Ottawa appeared before the Supreme Court of Canada (SCC) on Monday to get more time to develop a new law on medical help to die.
Government counsel Robert Frater, argued that this kind of issue requires much thought and that it was “not an easy decision.”
In February 2015, the judges of the highest court of the country had made a unanimous decision, invalidating particular section of the Criminal Code which prohibits a doctor to help someone – in specific circumstances – to kill themselves.
They were granted 12 months to the federal government to provide a legislative response respecting the right of consenting adults with unbearable physical or mental suffering, to seek help from their doctor to end their days.
The record, a long time on the ice by the Conservative government, led on the desk of the Liberals, who took over in Ottawa in October. The schedule is fast approaching, the federal therefore ask the Court to give him a six-month suspended sentence.
Mr. Frater argued that a period of six months was not a long stay of a democratic process perspective. Justice Rosalie Abella, at that time, raised as a person who suffered without being able to end his days there was rather a long delay.
The situation is different in Quebec, which adopted its own law on end of life care. The Court of Appeal allowed Quebec to move forward with medical help to die, without waiting for the response of Ottawa and reversing a decision of the Superior Court.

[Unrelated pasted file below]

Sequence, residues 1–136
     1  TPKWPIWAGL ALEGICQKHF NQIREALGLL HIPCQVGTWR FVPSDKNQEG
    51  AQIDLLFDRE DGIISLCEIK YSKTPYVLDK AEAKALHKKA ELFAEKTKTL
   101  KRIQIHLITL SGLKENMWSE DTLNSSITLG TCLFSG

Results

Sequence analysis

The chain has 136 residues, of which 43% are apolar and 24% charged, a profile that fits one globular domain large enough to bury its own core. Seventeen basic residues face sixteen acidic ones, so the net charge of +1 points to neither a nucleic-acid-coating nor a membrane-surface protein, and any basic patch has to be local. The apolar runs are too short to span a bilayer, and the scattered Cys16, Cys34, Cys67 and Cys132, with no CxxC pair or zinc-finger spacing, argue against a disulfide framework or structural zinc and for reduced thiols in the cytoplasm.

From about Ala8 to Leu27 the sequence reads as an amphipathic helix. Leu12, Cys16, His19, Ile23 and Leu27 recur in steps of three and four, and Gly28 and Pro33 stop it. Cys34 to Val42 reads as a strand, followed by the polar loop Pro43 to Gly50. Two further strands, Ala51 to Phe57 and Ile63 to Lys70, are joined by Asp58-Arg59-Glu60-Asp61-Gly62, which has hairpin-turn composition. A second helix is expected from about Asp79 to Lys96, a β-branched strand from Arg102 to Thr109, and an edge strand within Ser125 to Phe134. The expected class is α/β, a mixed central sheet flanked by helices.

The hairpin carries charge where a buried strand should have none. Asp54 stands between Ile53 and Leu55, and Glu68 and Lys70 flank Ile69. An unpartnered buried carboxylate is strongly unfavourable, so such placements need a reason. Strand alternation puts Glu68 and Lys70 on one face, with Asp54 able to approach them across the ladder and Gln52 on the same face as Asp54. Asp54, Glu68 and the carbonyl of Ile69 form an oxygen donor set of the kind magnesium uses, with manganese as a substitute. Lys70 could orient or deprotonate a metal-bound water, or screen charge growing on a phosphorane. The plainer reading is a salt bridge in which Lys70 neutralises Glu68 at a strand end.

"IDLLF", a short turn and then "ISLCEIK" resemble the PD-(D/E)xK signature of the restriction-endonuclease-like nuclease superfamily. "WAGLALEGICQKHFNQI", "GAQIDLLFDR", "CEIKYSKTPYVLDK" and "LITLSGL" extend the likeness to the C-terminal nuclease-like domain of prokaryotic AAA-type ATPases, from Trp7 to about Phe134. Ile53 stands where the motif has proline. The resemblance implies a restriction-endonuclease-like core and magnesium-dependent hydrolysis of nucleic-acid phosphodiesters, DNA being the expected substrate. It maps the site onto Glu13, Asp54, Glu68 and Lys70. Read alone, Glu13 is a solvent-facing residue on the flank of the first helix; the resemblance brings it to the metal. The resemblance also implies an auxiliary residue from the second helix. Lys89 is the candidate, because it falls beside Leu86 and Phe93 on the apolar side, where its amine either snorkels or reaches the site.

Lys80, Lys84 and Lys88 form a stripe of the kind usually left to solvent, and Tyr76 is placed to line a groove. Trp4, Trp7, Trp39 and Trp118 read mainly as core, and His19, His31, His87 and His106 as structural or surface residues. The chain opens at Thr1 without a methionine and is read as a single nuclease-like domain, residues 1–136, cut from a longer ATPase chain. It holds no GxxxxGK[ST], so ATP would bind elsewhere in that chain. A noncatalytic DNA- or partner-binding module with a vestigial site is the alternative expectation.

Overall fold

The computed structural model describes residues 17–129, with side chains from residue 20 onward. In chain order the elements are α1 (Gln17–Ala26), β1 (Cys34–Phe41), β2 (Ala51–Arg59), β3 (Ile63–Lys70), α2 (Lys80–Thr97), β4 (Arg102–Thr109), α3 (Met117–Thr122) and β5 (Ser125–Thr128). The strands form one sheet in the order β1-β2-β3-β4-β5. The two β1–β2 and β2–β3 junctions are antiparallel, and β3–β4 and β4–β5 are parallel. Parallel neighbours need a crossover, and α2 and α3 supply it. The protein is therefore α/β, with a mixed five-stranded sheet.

Ottawa does not object to the exemption of Quebec, said Mr. Frater. The Federal however would not want to see this broader exemption to patients from other provinces who wish to end their days.
Meanwhile, the government established a special committee to consult on medical help to die. Five senators were appointed, but it remains unclear which members will sit on the committee. Time is short, since the group must submit its final report no later than February 26.
Mr. Frater argued Monday that even if all the committee members had not been selected, nothing prevented the members from the Senate to move forward and begin their work.
Pleading for callers, Joseph Arvay has meanwhile insisted that granting an extension of time would prolong the intolerable suffering of some patients. He argued that the public was already protected by the SCC decision on the issue.
Me Arvay also criticized the government for having dragged its feet in the folder and handed questioned the relevance of traveling the country to consult the public on this issue.
The Court did not rule on this immediately suspended.